On energy policy, Obama talks down to Americans
“Now, clean energy breakthroughs will only translate into clean energy jobs if businesses know there will be a market for what they’re selling. So tonight, I challenge you to join me in setting a new goal: by 2035, 80% of America’s electricity will come from clean energy sources. Some folks want wind and solar. Others want nuclear, clean coal, and natural gas. To meet this goal, we will need them all — and I urge Democrats and Republicans to work together to make it happen.” — Barack Obama
Folks, you are being treated like infants — while you are being robbed. Windmills and solar panels are not “innovative”; they exist only because some politicians have made icons of them and are wedded to them as a result.
These technologies aren’t new. Wind-powered electricity was commercialized in 1891. Solar cells were patented in 1888. The modern solar cell was created in 1954. In 1978, Jimmy Carter vowed to increase solar cell subsidies, supported by promises that solar cells would provide 20% of our electricity by 2000. Solar still provides just a fraction of one percent of it. So close! And solar gets three pitches in the 2011 State of the Union address as if it’s some breakthrough waiting to happen. Sigh.
Coal-fired electricity was commercialized in 1882. Somehow it’s a dinosaur and the others are new. Please.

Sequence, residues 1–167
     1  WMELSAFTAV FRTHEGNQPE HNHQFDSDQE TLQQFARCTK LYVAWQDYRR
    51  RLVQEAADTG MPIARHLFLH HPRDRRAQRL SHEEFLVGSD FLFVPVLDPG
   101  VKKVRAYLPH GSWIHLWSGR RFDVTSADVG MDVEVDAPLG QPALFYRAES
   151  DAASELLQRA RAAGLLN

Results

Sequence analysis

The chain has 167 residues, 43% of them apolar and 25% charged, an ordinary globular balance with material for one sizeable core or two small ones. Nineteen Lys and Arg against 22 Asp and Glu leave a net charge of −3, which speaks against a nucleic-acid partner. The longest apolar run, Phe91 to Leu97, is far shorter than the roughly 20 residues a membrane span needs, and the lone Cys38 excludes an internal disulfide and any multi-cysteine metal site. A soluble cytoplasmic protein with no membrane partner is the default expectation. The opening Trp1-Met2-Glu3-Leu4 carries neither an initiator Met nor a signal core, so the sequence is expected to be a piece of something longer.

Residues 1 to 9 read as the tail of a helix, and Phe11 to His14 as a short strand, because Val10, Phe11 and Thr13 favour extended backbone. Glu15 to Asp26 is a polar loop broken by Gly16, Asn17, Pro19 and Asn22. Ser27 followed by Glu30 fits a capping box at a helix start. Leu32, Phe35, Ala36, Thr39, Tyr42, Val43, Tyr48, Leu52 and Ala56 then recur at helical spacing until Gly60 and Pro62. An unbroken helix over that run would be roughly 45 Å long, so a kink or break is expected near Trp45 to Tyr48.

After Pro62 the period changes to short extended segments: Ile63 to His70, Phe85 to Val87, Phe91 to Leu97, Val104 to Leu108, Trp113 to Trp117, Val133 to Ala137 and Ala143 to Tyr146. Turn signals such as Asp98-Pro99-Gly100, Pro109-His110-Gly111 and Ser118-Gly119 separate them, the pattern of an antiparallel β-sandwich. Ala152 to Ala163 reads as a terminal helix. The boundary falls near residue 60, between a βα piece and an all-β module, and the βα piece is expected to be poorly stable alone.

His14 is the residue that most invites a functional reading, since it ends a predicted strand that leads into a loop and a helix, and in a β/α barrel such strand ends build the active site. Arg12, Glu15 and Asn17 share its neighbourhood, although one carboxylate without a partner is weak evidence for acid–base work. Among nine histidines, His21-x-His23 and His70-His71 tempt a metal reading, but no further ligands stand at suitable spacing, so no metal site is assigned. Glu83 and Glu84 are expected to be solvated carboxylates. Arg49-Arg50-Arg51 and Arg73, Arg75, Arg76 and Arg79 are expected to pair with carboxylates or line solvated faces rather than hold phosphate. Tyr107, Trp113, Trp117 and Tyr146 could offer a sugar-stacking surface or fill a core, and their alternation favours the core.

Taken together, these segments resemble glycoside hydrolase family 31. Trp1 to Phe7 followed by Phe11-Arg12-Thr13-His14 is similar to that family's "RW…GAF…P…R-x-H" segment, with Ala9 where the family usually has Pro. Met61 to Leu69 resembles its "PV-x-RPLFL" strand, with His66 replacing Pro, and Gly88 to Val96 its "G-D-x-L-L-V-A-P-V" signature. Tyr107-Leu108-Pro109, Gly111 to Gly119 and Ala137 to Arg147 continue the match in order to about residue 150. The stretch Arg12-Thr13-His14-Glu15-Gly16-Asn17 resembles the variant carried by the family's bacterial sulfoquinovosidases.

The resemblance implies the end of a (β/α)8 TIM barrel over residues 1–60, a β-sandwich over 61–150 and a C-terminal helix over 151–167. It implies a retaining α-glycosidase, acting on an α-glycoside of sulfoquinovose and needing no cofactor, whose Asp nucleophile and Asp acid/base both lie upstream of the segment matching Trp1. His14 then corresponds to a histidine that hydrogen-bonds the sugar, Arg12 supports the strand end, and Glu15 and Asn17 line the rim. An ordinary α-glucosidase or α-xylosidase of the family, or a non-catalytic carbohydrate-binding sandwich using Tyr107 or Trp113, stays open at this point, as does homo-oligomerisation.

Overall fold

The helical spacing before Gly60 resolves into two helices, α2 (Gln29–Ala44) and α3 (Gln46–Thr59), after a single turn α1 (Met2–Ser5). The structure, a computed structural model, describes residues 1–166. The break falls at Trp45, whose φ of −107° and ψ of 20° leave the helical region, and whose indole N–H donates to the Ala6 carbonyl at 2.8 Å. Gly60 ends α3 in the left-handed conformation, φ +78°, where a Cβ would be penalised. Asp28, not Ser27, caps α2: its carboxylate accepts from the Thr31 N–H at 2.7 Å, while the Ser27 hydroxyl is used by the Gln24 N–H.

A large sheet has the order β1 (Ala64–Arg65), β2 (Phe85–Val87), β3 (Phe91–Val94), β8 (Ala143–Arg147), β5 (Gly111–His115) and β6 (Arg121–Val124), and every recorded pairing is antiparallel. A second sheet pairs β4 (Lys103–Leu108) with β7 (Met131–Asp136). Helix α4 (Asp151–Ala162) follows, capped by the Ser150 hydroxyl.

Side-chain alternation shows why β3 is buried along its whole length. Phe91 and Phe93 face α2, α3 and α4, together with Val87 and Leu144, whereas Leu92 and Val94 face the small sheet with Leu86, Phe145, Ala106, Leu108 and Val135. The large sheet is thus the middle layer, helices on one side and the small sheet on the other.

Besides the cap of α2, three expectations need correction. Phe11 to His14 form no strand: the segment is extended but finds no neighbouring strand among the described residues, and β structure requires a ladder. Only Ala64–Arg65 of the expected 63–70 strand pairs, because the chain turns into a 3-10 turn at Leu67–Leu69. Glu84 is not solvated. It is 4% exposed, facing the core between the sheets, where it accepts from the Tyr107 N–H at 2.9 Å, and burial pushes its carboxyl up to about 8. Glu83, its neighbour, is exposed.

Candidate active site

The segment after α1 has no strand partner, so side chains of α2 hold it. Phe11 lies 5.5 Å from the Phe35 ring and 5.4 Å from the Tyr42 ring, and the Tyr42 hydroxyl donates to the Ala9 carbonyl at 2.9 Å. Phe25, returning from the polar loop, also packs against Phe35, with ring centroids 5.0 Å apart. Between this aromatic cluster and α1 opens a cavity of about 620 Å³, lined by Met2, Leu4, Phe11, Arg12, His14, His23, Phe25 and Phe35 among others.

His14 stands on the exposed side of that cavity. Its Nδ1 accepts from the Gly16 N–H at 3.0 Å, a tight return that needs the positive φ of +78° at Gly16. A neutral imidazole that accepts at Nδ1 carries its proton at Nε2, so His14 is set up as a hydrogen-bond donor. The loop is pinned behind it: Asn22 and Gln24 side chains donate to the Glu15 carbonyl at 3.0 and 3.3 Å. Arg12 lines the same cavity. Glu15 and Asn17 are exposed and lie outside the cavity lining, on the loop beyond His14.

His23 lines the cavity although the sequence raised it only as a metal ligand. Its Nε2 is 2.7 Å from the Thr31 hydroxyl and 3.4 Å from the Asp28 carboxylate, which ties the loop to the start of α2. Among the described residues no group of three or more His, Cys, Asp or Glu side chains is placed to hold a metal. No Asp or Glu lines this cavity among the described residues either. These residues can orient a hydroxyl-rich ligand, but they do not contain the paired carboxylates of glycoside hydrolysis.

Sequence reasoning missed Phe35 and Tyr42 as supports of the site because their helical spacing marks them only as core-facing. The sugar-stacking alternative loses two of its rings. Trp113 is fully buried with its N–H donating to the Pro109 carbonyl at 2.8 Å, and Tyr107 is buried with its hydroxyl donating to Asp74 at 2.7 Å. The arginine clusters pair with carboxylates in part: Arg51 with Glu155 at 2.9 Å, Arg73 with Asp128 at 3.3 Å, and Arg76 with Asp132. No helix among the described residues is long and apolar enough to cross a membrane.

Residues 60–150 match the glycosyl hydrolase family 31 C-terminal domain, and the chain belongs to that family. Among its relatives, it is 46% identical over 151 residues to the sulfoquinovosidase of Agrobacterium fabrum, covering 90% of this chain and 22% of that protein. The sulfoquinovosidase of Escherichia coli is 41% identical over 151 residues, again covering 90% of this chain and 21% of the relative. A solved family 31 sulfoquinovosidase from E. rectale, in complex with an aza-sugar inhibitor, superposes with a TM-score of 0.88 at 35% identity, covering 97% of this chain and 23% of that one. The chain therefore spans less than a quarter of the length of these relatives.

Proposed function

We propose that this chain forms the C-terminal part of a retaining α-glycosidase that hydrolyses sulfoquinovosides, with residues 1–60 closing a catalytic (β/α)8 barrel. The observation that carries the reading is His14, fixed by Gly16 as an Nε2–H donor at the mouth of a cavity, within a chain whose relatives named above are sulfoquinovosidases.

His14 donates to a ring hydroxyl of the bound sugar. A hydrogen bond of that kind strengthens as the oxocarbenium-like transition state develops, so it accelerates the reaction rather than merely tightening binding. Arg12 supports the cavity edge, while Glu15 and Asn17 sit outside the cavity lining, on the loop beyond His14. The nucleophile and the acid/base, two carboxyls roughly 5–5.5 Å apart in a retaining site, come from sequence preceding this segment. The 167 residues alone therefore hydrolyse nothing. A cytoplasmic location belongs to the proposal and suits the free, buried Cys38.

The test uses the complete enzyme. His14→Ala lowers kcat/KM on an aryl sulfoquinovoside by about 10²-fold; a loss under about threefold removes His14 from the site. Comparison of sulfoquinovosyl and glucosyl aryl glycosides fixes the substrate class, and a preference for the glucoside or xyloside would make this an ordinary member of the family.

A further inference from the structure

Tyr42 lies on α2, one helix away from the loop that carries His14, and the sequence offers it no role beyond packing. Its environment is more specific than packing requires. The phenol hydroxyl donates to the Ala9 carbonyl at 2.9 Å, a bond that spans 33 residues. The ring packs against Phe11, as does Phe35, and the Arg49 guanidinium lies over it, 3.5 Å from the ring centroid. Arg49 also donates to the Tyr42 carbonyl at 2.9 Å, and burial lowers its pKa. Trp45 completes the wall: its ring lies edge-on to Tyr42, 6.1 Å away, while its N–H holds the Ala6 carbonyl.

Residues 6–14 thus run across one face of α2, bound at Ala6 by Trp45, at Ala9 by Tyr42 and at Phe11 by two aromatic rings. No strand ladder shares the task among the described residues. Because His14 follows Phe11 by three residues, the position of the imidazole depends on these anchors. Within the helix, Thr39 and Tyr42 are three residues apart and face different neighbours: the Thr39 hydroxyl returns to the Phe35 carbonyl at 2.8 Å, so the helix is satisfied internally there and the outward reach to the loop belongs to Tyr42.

Commercial windmills and solar cells were invented at the same time as coal-fired power plants and automobiles. Two of those four technologies have succeeded spectacularly and as a result are under assault from people who hate abundance, mobility, and freedom from reliance on them.
Those other two are dismal failures that cannot find markets and investors in a nation where the Snuggie and Vince the Sham-Wow guy did. That’s pathetic. And they and their enablers in Washington and state capitals snivel that they are “innovative,” “just-around-the-corner,” “new” technology and therefore need welfare because otherwise the companies that produce them will go bankrupt.
The answer to that drivel is not only that being new does not in any way mean a company needs welfare but also: if your company can’t survive without government subsidies, then go bankrupt. After all, the truth is that they’ll go bankrupt even if we do give them that wealth transfer. Just a little later — until you give them more. They got bugs crawlin’ in their skin, man, can’t you see? They can stop any time they want, but just a taste, man, just a taste!
Windmills aren’t Sputnik. They aren’t “big things” (his closing line), unless you have to live near them (ask the Kennedys if there’s one at your viewing party).
They aren’t the Internet. The Internet made people more efficient, allowed them to do more, to create more wealth with less. Windmills and solar panels are the opposite. They are woefully inefficient, are inherently uneconomical, would not exist without government support, and in any other way do not deserve being in the same conversation with actual innovations like those that have been produced in Silicon Valley. Except that if we had forced Silicon Valley to run on more expensive, less reliable, and less efficient energy sources, those innovations would have happened somewhere else.
Which brings me to something a colleague of mine says, made only more relevant by the current White House: Do not despair; there will always be an America. It’s just that it may have moved to Asia.
Christopher C. Horner is a senior fellow at the Competitive Enterprise Institute.